Black Diamond bard saddles up for National Cowboy Poetry Gathering
Doris Daley has been attending annual event in Nevada since 1999
Even though she'll be the only Canadian poet taking part in this week's National Cowboy Poetry Gathering in Elko, Nev., Doris Daley will feel anything but out of place.
The Black Diamond, Alta., poet has been attending the annual event since 1999 and says it's become a family gathering of sorts for her over the years.
"Remember Cheers, when Norm used to walk into the bar and everybody called his name, that is what it's like," she told Daybreak Alberta.
"It is genuinely like that. There's just something very real, very genuine, very transparently happy. I know that's an old fashioned word, but it really is a happy, family reunion feel at Elko."
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Having published two books of poetry over the years, Daley has received many accolades for her writing, including being named one of the Top 5 cowboy poets three times.
"I've been writing and reciting my brand of poetry all over North America for 20 years," she said.
Being a Canadian cowboy poet — Daley is a fourth generation rancher — gives her a distinct voice.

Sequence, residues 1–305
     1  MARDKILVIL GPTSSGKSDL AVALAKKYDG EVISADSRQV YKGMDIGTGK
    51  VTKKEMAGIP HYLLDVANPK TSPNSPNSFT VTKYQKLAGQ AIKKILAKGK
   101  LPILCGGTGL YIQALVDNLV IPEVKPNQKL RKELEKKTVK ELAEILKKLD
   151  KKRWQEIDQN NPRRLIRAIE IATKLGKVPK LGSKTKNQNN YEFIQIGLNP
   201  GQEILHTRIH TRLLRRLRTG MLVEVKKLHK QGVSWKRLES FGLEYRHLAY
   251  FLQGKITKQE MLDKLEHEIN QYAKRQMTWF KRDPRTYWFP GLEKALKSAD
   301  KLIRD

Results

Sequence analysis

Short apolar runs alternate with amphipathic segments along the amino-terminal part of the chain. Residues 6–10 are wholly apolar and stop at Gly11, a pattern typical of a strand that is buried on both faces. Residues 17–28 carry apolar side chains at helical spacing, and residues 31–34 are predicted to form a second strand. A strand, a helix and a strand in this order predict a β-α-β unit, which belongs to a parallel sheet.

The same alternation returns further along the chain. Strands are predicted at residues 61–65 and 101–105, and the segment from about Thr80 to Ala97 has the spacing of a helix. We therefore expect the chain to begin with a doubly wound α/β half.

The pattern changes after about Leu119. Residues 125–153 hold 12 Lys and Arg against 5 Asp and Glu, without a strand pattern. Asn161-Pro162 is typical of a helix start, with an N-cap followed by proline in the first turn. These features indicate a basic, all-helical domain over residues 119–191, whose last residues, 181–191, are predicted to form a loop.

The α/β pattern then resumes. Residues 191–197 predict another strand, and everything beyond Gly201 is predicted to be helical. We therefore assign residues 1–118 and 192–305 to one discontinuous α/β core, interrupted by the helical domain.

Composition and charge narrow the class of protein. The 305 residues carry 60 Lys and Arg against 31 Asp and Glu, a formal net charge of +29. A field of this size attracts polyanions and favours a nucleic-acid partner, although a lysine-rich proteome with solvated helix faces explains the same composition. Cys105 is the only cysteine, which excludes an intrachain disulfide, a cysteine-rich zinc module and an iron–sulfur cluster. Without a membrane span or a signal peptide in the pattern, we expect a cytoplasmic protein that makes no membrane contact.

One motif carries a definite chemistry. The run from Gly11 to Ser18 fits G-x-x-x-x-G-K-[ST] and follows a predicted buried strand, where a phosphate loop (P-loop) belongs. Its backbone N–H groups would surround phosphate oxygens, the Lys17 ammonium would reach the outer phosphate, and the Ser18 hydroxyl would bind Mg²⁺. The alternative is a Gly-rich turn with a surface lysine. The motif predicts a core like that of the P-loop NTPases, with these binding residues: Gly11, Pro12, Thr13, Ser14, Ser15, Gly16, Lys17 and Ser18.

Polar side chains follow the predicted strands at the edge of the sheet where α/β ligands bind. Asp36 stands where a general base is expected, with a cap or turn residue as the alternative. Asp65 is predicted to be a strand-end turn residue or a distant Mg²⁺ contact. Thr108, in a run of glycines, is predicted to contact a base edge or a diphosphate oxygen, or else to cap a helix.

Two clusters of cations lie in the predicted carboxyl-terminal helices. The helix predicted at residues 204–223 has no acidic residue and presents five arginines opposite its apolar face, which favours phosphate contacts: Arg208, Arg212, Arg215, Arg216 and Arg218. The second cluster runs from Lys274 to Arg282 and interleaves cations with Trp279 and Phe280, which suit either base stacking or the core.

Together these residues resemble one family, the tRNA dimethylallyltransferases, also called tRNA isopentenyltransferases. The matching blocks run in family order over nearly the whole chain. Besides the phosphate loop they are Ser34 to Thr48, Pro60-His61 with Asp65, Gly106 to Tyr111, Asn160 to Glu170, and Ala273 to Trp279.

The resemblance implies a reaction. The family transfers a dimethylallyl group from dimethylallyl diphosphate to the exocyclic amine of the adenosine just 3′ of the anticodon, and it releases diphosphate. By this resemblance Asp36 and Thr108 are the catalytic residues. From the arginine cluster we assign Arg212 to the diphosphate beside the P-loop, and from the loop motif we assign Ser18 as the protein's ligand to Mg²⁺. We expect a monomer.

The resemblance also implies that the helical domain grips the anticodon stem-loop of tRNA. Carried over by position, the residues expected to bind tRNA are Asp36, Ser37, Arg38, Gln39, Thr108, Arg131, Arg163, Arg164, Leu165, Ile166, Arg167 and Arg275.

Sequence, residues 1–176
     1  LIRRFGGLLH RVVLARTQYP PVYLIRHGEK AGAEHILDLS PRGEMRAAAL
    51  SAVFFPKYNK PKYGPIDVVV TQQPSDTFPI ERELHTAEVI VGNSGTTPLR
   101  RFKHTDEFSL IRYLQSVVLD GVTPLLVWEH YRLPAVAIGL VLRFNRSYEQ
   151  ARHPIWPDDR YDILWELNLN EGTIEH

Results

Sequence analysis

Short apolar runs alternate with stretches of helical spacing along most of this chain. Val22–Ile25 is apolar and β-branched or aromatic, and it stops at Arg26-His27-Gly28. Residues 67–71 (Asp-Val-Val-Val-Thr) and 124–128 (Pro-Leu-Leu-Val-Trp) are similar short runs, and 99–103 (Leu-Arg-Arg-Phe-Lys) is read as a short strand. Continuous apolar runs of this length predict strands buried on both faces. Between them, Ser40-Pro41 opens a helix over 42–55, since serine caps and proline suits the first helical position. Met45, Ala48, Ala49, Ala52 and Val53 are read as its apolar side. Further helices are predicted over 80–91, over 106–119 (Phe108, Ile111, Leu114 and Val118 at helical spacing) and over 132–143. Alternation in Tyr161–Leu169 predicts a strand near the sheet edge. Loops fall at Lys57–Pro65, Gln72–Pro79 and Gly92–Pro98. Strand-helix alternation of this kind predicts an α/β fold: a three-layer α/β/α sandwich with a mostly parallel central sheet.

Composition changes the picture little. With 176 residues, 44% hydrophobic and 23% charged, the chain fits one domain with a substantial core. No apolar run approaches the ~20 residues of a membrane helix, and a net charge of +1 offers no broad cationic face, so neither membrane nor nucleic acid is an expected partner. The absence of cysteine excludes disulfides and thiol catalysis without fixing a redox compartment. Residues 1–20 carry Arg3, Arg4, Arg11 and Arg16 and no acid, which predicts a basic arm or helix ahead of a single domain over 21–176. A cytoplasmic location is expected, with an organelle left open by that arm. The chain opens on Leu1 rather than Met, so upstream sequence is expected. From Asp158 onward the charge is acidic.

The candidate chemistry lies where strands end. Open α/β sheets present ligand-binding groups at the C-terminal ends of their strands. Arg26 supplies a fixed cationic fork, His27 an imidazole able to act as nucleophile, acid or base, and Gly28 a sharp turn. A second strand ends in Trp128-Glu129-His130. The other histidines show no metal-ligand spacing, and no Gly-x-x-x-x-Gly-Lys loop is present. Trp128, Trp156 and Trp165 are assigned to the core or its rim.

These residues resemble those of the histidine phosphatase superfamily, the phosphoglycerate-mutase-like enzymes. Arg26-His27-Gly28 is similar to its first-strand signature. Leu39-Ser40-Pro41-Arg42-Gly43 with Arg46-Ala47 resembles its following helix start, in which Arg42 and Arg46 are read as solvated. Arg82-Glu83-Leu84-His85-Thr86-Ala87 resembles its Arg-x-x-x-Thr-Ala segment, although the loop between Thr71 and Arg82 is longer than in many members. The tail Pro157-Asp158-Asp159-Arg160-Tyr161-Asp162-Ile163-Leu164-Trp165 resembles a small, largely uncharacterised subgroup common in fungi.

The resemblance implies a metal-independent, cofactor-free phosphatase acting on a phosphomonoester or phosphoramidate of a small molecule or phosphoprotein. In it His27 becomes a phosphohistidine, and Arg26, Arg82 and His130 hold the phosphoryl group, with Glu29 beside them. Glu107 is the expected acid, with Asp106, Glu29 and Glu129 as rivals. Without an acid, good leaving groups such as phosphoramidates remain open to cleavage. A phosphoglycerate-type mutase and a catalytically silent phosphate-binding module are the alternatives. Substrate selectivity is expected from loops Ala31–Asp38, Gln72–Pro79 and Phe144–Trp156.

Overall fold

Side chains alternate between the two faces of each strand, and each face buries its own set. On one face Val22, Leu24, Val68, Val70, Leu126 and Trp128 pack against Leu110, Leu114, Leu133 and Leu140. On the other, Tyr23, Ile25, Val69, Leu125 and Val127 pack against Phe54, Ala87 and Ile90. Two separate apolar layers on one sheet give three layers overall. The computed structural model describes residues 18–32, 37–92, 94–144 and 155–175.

"There are regional styles of how we write and recite our poetry," she said. "Two or three years ago I was part of a documentary project and a filmmaker asked the question, 'where did my skill set come from?' I'm descended from a long line of cowboys and ranchers, and wheat farmers and grain elevator operators, so how come I turned out rhyming words?"
The answer came on a subsequent trip to Ireland.
"Imagine my surprise when we met a historian who said, 'Daley, if you're writing rhyming and metered stories, poems about the life you love, life in Western Canada, you get that from your father's side,'" she said. "Because the Daleys, the O'Daleys were occupational bards, they were professional poets back in traditional Irish times."
With files from Daybreak Alberta